Of the above essays I would recommend beginning with Schaper's, then Richards' essay for historical context, and Dreyfus' for [most excellent] insight into the musical language. Also note there is a third piece written for the occasion of Deym's "mausoleum," the Andante in F major, KV.616, which we will not be discussing here.

32. Adagio and Allegro in F minor for Mechanical Organ, KV.594

Returning to the F minor pieces, let us start with KV.594 which is structured as Adagio-Allegro-Adagio. We begin with what was by Mozart's time the old rhetorical device of the elegiac, or lamento, bass. They often utilize an anapestic (short-short-long) rhythm, ostinato, and a descending chromatic line, all features associated with high style and grave emotion. (Probably the most famous instance of a lamento bass is the Crucifixus of Bach's B-minor Mass.) Here in the first six bars see the chromatic descent down the fourth from F to C in the bass from the first figure of the ostinato which reaches up from F to C.  (Note too the rising line leading up to sighing figures from m.20-27. Picking up the fall to C from the trebles the final bass figure three times rises an octave to C until stumbling to F.) Yet it was not the simple use of this device but rather Mozart's ingenious transformation elaboration of it which makes this piece so extraordinary. Mozart uses a series of falling sixths throughout the adagio and
. . . by mutating the descending hexachord by species [chromatic and diatonic], Mozart at once broadened the field for the potential topics of the discourse, and by disabling the metric regularity of the traditional lamento, did away with the formalized ritual of dance rhythms so as to begin speaking in that personalized 'musical prose' so beloved of his Romantic successors. [KV.594] can be heard neither as a generic funeral piece nor as a particularly 'exquisite' (auserlesen) occasional work. . . Instead, by virtue of its extraordinarily affecting representation of grief, the piece must be seen to have both eclipsed and escaped its occasional function, entering into that pantheon of cherished musical works whose substance and aura invite a sustained analytic gaze. [Dreyfus, 342]
The allegro in F major opens with a grand fanfare immediately falling into stretto. In the D minor section the seven-note figure plunges into contrapuntal procedure. The adagio returns but not in identical form. First, Dreyfus makes the most perceptive point that m. 125-132 form a compressed version of the earlier descents in m.8-20, making the fall to the tonic at m.128 an abrupt one of resignation. [Dreyfus, 341] Too it is adorned with gruppetti (figures of the trill family) first against the ostinato then in imitation over a dominant pedal point. A quaver figure arrives, moving from F to C in contrary motion in the voices before the rising-and-falling bass figure returns, this time rising to F and falling to C.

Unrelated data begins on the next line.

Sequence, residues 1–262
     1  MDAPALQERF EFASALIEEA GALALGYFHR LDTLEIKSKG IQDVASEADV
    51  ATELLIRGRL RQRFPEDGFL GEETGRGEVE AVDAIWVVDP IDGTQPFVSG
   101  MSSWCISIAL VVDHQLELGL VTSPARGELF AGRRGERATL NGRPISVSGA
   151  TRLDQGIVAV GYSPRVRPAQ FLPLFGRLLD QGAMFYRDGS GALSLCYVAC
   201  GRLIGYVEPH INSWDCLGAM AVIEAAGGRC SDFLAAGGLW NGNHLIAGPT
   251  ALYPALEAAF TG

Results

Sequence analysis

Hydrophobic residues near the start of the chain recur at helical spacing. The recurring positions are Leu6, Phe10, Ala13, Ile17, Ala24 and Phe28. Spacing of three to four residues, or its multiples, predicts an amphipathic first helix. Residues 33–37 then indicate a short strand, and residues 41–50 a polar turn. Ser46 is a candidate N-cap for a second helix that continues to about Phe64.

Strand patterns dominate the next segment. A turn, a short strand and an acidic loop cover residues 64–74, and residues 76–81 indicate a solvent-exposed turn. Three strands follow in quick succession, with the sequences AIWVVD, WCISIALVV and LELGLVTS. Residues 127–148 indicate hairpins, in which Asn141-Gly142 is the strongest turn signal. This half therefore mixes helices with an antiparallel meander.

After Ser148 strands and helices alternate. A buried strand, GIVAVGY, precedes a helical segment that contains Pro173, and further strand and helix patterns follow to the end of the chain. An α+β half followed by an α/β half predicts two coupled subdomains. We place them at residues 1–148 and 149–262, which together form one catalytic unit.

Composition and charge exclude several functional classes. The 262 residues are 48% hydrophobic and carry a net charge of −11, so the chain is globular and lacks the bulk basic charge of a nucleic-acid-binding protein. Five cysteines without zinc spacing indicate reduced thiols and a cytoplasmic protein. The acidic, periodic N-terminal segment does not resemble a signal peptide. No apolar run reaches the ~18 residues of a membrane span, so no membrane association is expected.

33. Adagio and Allegro for Mechanical Organ, KV.608

KV. 608. incipit
Unlike KV.594 the fugue here is clearly more Bachian in nature. Too it is the first major, full, strict fugue, not a fugato and not one within a larger sonata-form structure, Mozart had completed (for he wrote numerous small canons and contrapuntal studies) in some time. The structure of this F minor piece is Allegro-Andante-Allegro and its opening, with the trilled and dotted figures, could scarcely be more stern. The figure, sans the final semiquaver, enters briefly in stretto. After the ascending swirl up through two octaves from C the fugue proper begins

Allegro and Adagio in F minor. m.13-19

proceeding with exhaustive stretto and inversion 
. . .the dense contrapuntal texture eventually thins out for an extraordinary modulation over a chromatically rising bass from E flat major to F sharp minor. This unsettling, even shocking, harmonic detour recalls the destabilizing chromaticism of the opening, and directly precedes a return of the 'overture' material, now insisting on the diminished harmony (the diminished chord in bars 60 and 61 is repeated here, hammered home), and twisting rapidly, if tortuously, back to the home key of F minor. [Richards, 367]
As with KV.594 the opening material returns altered. Here the fugue returns with a counter subject of rapidly alternating semiquavers which lends an even more frenetic character to the already frenzied fugue.

34. Piano Concerto in B-flat major, KV.595 - Allegro I

Piano Concerto in B-flat, KV.595 - incipit, main theme.

This is one of the most beautiful and fleeting moments in all of Mozart. The piano twice gives forth the main theme from m.197 two which the strings reply with a sturdy forte response. The first time the winds, as if interjecting politely, add a descending piano tag to the string response; the second time they take it over and then take over the main theme from the piano offering it in a brief canonic procedure before in imitation. Then we get so caught up in following the imitative exchange between the winds and the strings here:

 Piano Concerto in B-flat, KV.595 - Allegro m.220-222
(click to enlarge)

that at last when the second violin enters with the main theme and then the first a fifth above in canon we are blissfully overwhelmed.


Abert, Hermann. W. A. Mozart. Yale University Press. New Haven and New York. 2007.
Dreyfus, Laurence. The Hermeneutics of Lament: A Neglected Paradigm in a Mozartian 'Trauermusik' Music Analysis, Vol. 10, No. 3. (Oct., 1991), pp. 329-343.
Eisen, Cliff. Mozart's Chamber Music, essay in The Cambridge Companion to Mozart. Keefe, Simon P. (ed.) Cambridge Companion to Mozart. Cambridge. 2003.
Gutman, Robert W. Mozart: A Cultural Biography. Harcourt. 1999.
Keefe, Simon P. (ed.) Cambridge Companion to Mozart. Cambridge. 2003.
King, Alec Hyatt. Mozart Chamber Music. BBC Publications, London. 1968.
Richards, Annette. Automatic Genius: Mozart and the Mechanical Sublime. Music and Letters 80, (1999), 366-89 


21. ". . . the two dedications will bring me something as well." Letter to friend and fellow mason in Vienna, Michael Puchberg. Vienna, July, 12 1789.
22. ". . . I am forced to sell my quartets, all that hard work, for a trifle, just to get some cash into my hands and meet my immediate obligations." To Michael Puchberg, Vienna before or on June 12, 1790.
23. Keller, Hans. Program notes on Mozart's chamber music. [YouTube]